Associations of clinical variables and mutations with subtypes were analyzed by means of the χ2 test.
The primary end point in this study was time to recurrence (time from random assignment to recurrence, censored for death [competing risk] or last follow-up). For each variable, we assessed (1) prognostic significance using univariate Cox models and (2) predictive values for oxaliplatin therapy benefit using Cox models with an interaction term between treatment and tested variable. For subtypes, we further tested prognostic value using multivariate analysis with adjustment for clinical variables age, sex, tumor stage, stage, grade, perforation, and obstruction.
In the validation cohort, the prespecified primary hypothesis to be tested was the enterocyte-oxaliplatin interaction term in a Cox model with or without adjustment of clinical variables. All reported P values are 2 sided, and the statistical significance level was set to less than .05. All statistical analyses were performed in R.
We calculated the effect sizes that would be necessary to achieve adequate power in the validation cohort. For the enterocyte subtype, with the present sample size (n = 70), with an α level of .05, the HR for oxaliplatin treatment must be less than 0.20 to achieve 80% power. The enterocyte-oxaliplatin interaction needed to be less than 0.30 to achieve 80% power (details in eMethods 7 and 8 in the Supplement).
In C-07, among 2370 eligible patients with consent and follow-up, 1768 cases with available tumor blocks were used in this study (Figure 1). An additional 39 cases were lost to insufficient amount of RNA.
Stage, tumor stage, perforation, and obstruction are significantly associated with recurrence-free survival, but among all analyzed clinical variables (eTable 7 in the Supplement), only obstruction was predictive of oxaliplatin benefit regardless of whether we examined only stage III or combined patients with stage II and III disease into one category (eFigure 3 in the Supplement). Because obstruction was not associated with oxaliplatin benefit in the MOSAIC trial,1 we did not pursue this observation further.
Current National Comprehensive Cancer Network (NCCN) guidelines recommend that all patients with stage III or high-risk stage II CRC be treated with oxaliplatin. However, analysis in C-07 indicated that the NCCN guideline was not predictive for oxaliplatin benefit (details in eResults 1 and eFigure 4 in the Supplement).
Using redeveloped centroids, we identified the CRCA subtypes7 and CCS subtypes.6 Among 778 cases classifiable with CRCA, 91 (11.7%) were classified as enterocyte, 63 (8.1%) as gobletlike, 202 (26.0%) as inflammatory, 239 as stemlike (30.7%), and 183 (23.5%) as TA subtype. For CCS, 258 (33.2%), 200 (25.7%), and 320 (41.1%) were classified as CCS1, 2, and 3, respectively. Consistent with other studies,10 the CRCA subtype and CCS subtype were correlated with each other, suggesting that our newly developed classifier performed as expected; that is, most CCS1 tumors were subtyped as TA or enterocyte, most CCS2 tumors as inflammatory, and most CCS3 tumors as stemlike (eTable 8 in the Supplement). Association of subtypes and other clinical pathological variables was also similar to what has been found in other studies; for example, the inflammatory subtype was enriched with clinical variables associated with good prognosis (stage II, undifferentiated, deficient mismatch repair), whereas the stemlike subtype was enriched with clinical variables associated with poor prognosis (stage III, T3, or T4 tumor stage) (eTable 9 in the Supplement).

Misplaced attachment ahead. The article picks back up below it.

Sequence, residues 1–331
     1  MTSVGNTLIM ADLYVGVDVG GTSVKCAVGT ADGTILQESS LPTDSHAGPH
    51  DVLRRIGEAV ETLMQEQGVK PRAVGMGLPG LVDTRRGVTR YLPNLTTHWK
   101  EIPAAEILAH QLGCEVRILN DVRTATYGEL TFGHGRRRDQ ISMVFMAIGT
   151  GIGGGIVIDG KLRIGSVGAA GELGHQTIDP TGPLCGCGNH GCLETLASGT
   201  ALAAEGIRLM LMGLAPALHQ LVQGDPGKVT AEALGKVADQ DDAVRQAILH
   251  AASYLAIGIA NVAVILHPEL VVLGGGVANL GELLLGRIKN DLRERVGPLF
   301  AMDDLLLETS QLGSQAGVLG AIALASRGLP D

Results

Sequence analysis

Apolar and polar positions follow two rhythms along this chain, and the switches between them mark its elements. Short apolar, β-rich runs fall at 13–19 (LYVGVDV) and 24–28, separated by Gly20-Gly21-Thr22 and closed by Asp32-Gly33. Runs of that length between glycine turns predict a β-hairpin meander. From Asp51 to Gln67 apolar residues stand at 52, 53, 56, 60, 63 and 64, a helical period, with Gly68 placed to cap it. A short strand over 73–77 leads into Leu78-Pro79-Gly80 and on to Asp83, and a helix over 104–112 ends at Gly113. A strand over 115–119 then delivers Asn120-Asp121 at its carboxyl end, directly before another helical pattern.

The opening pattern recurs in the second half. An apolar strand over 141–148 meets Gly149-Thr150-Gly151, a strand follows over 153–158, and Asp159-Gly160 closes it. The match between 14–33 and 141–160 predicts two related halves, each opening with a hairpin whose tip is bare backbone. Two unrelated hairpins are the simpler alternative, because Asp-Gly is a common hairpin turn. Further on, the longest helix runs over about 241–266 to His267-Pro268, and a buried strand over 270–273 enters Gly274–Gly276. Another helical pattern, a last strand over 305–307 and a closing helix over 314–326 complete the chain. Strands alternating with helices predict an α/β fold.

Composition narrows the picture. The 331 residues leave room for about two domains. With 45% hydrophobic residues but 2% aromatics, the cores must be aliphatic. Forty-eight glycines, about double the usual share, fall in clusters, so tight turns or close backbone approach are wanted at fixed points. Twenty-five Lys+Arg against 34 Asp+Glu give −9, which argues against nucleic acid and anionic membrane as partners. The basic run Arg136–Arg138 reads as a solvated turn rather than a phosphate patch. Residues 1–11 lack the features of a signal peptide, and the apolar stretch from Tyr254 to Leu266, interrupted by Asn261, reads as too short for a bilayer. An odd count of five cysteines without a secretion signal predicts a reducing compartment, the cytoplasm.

We assessed the prognostic value of subtypes. For both univariate and multivariate analysis with adjustment of clinical variables, time to first recurrence varied among the CCS subtypes and CRCA subtypes (eFigure 5 and eTables 10 and 11 in the Supplement). Consistent with other studies, stemlike or CCS3 was associated with the shortest time to first recurrence.
We further assessed the predictive value of subtypes. The CCS classifier did not identify any subtype with a significant benefit from oxaliplatin treatment and therefore was not pursued further for validation (eFigure 6 in the Supplement). For CRCA subtypes, only patients with the enterocyte subtype received significant benefit from oxaliplatin added to fluorouracil-leucovorin treatment (HR, 0.32 [95% CI, 0.14-0.70]; P = .005 [N = 91]) (eFigure 6 in the Supplement). Further analysis suggested that oxaliplatin benefit in the enterocyte subtype may be restricted to patients with stage III disease (eFigure 7 in the Supplement).
Because only patients with stage III, enterocyte type tumors received benefit from oxaliplatin (HR, 0.22 [95% CI, 0.09-0.56]; P = .001 [N = 65]), the 4 other subtypes, gobletlike, inflammatory, stemlike, and TA, were combined as a nonbenefit group (HR, 0.91 [95% CI, 0.73-1.12]; P = .36 [N = 480]) (Figure 3A and B). A significant enterocyte-oxaliplatin interaction (interaction HR, 0.24; P = .002) was observed.
Among 825 classifiable cases in the validation cohort, 93 (11.3%) were classified as enterocyte, 79 (9.6%) as gobletlike, 203 (24.6%) as inflammatory, 239 (29.0%) as stemlike, and 211 (25.6%) as TA subtype.
The prespecified primary analysis plan dictated primary comparison of oxaliplatin benefit in stage III patients in the enterocyte group vs all other subtypes combined (test of the enterocyte-oxaliplatin interaction). Tumors from 70 of 606 classifiable stage III patients (11.6%) were classified as enterocyte subtype. In the validation cohort, there was a nonsignificant finding of oxaliplatin benefit with an HR of 0.53 ([95% CI, 0.22-1.24]; P = .14 [N = 70]) for the enterocyte subtype. In the other subtypes combined, the HR was 0.87 ([95% CI, 0.65-1.16]; P = .34 [N = 536]). The interaction between enterocyte subtype and oxaliplatin treatment was not significant (interaction P = .32) (Figure 3C and D).